Kalanchoe Fantastic | Getting To Know Flap Jacks Or Kalanchoe Luciae

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Getting To Know Flap Jacks Or Kalanchoe Luciae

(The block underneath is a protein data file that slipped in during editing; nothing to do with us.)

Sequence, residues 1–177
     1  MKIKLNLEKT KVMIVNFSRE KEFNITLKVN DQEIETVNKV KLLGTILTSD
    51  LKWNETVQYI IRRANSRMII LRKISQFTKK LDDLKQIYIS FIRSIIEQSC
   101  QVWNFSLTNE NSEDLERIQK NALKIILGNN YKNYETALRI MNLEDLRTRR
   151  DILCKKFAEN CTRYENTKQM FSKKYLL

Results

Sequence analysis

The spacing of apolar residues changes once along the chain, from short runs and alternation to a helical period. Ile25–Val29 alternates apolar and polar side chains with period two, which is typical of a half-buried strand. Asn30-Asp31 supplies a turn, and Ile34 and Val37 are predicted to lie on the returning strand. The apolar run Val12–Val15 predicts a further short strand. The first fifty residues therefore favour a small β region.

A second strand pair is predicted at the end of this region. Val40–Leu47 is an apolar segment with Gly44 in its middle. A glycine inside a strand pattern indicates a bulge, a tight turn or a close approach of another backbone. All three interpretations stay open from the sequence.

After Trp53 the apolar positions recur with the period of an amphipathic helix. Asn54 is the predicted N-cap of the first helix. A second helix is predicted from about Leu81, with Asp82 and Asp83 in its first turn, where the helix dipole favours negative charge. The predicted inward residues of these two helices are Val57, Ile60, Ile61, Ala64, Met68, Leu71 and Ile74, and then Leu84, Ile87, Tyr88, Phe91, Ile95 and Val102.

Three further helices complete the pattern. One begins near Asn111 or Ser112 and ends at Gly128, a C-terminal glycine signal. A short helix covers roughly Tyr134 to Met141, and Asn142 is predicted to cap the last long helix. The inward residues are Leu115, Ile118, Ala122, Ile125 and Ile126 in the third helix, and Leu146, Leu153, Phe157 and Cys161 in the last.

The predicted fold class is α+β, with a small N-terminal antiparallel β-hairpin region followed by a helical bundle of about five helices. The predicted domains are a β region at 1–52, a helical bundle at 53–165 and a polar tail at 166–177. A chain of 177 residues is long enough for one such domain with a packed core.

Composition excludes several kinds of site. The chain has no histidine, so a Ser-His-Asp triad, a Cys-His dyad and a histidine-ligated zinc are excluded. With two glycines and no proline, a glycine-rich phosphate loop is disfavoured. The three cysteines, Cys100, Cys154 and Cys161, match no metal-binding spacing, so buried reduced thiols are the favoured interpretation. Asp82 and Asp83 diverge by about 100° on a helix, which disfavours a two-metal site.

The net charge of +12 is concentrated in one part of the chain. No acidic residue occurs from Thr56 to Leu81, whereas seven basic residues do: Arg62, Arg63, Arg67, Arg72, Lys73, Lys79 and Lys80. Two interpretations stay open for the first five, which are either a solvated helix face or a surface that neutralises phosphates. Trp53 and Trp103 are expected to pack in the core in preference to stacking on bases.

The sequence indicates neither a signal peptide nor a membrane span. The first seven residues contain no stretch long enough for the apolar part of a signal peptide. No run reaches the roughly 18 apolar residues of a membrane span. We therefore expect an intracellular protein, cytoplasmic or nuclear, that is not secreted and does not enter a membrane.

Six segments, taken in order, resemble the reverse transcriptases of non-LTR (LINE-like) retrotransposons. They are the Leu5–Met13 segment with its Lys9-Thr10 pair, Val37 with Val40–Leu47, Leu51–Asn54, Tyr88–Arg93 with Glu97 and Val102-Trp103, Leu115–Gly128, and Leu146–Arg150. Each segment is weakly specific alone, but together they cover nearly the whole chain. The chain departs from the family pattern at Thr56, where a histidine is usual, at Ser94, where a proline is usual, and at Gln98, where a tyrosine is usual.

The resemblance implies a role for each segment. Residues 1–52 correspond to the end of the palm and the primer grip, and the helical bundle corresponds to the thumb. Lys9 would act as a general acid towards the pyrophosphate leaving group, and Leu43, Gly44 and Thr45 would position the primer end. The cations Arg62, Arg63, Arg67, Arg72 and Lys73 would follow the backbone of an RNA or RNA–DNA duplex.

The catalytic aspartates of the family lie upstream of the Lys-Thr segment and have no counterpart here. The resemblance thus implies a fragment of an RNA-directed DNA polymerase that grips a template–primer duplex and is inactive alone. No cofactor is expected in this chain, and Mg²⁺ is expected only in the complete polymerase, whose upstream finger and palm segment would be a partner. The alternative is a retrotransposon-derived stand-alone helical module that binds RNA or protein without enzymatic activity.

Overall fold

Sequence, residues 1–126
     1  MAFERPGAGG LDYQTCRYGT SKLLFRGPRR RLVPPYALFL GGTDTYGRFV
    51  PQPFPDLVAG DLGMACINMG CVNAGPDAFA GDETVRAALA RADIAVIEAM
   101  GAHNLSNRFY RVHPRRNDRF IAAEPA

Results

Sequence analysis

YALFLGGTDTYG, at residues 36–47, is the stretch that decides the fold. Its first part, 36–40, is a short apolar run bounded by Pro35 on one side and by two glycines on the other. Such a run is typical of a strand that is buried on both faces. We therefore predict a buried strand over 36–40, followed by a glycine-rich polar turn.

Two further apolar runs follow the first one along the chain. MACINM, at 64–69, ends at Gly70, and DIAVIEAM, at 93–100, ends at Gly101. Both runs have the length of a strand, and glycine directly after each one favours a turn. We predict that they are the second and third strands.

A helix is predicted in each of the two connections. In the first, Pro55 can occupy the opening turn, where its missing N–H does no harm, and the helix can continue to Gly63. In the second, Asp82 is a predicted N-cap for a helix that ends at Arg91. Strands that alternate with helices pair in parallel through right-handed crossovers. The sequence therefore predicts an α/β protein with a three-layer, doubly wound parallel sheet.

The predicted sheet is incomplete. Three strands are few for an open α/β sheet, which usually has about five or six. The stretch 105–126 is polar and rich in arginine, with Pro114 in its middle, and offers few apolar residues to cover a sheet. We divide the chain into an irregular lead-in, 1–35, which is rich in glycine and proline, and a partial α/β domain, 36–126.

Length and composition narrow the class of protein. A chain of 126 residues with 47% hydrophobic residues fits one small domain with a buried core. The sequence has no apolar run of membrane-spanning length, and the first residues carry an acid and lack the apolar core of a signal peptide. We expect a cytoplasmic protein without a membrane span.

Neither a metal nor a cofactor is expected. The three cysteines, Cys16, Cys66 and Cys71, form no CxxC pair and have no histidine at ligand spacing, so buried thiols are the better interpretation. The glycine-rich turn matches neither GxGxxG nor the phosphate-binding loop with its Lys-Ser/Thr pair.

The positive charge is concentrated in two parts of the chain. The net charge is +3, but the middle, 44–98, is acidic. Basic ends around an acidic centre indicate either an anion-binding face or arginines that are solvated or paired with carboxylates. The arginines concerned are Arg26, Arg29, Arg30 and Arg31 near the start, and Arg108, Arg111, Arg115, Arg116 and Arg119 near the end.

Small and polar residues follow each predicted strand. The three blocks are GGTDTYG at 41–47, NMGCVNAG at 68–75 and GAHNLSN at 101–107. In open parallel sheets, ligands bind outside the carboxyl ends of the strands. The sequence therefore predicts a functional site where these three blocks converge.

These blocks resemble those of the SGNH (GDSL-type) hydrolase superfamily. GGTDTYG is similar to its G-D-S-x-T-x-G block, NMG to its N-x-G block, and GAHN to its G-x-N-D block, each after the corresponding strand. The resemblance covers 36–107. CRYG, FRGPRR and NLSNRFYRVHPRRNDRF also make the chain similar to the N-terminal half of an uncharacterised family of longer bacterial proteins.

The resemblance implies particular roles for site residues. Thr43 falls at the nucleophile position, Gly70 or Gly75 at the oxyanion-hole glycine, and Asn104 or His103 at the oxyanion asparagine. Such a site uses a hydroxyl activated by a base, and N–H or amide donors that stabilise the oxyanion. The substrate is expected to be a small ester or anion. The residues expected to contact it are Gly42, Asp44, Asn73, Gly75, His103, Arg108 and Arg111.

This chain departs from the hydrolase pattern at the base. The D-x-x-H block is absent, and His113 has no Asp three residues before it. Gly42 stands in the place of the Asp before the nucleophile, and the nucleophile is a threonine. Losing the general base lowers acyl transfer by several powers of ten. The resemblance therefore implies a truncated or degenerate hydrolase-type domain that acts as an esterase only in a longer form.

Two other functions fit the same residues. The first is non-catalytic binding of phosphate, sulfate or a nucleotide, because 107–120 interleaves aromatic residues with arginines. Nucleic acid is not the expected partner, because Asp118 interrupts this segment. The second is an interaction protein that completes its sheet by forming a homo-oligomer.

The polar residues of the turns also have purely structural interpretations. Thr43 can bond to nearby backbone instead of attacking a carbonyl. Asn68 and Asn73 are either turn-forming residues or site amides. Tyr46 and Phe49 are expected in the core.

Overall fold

The kalanchoe II Lussier, also known as flapjacks in garden. Layman’s terms are one of the most interesting desert plants for the home and garden. It prefers dry climates zones Nine through eleven. These plants provide a splash of red along the edges, mostly green to pale white fleshy leaves to give the most enjoyment out of these plants. We have to consider what will keep them happy. Just like any other succulent flapjacks are mostly happy and content with a such succulent soil mix enhanced with organic matter such as worm castings, some gardeners use sand, but I prefer to use just a mix with a bit more perlite. They hate soggy and wet roots, plus root rot and pathogen invasion may occur If roots are constantly wet you. If the fleshy leaves feel flexible and light water, the plant water the plant if the soil is visibly dry, watch the water absorption. It should be quick if not add more perlite or horticultural sand into it with a trowel. The flapjack needs full. Sun lights achieved the red hue across the leaves, but not direct sunlight, especially in the heat of the summer months, just a sunny location with some shade or a location where it mostly gets. Morning Sun is perfect. Humid areas are not conducive to the plant. But if you really want to grow, it please refer to my video about growing succulents in hot and humid places fertilized with worm castings during the spring. Repeat fertilizing. During the summer months, this plant will be dormant during the fall and winter, so fertilizing at this time will not benefit the plant. Plants only absorb nutrients. During the growing season. Flapjacks are slow growers. It may take several years to grow a few inches at full maturity, it can be as tall and as wide as 18 inches keep surrounding plants far from the flapjacks, so it can spread over the years. Propagating flapjacks are mono carpet. This means once it shoots out of flower. The mother plant dies, but before it does it shoots out lots of babies along its stalk at the moment, it is not advisable to propagate the flapjack by taking off a leaf because this is the the leaf or so is so fleshy and it’s so thick It’s gonna take forever for a plant to come out of there. I don’t even know if that’s possible, but as far as I’ve read with the professionals, how they do is that they just this whole plant just gets just grossed like about 18 inches and then it’s gonna flower, and then it will shoot our plants like baby plants out of the bottom right there. See how there’s one right there right now, then when you see that, and it grows a little bit bigger, then you can take that out and propagate. I have a small little tiny plant coming out. It’s too little to propagate right now, but I’m gonna wait until this plant actually grows a little bigger to propagate it right now. This plant is sitting in full Sun, but it is full. I need my other brush. This one’s just it’s so flared. Different brush way better. This one actually has roots see the roots right there, So I’m not gonna force it. I’m just gonna bury back up because once that’s exposed to the elements, it might die, so we don’t want that to happen, so we’ll just be patient and wait for that to grow. The mother plant will keep growing it’ll. Keep pushing out these leaves right here. It’s two right now in the fall in the winter time. This plant is dormant, so it’s not gonna do anything. It’s not going to absorb any nutrients from the soil. It’s gonna stay probably stay this size until the spring, which, you know, they usually grow just an inch. It’s they’re very slow growers so that it’s a beautiful plant, so let’s just be patient, Let nature take its course and just admire it. Thank you for watching my channel and hope you come back soon.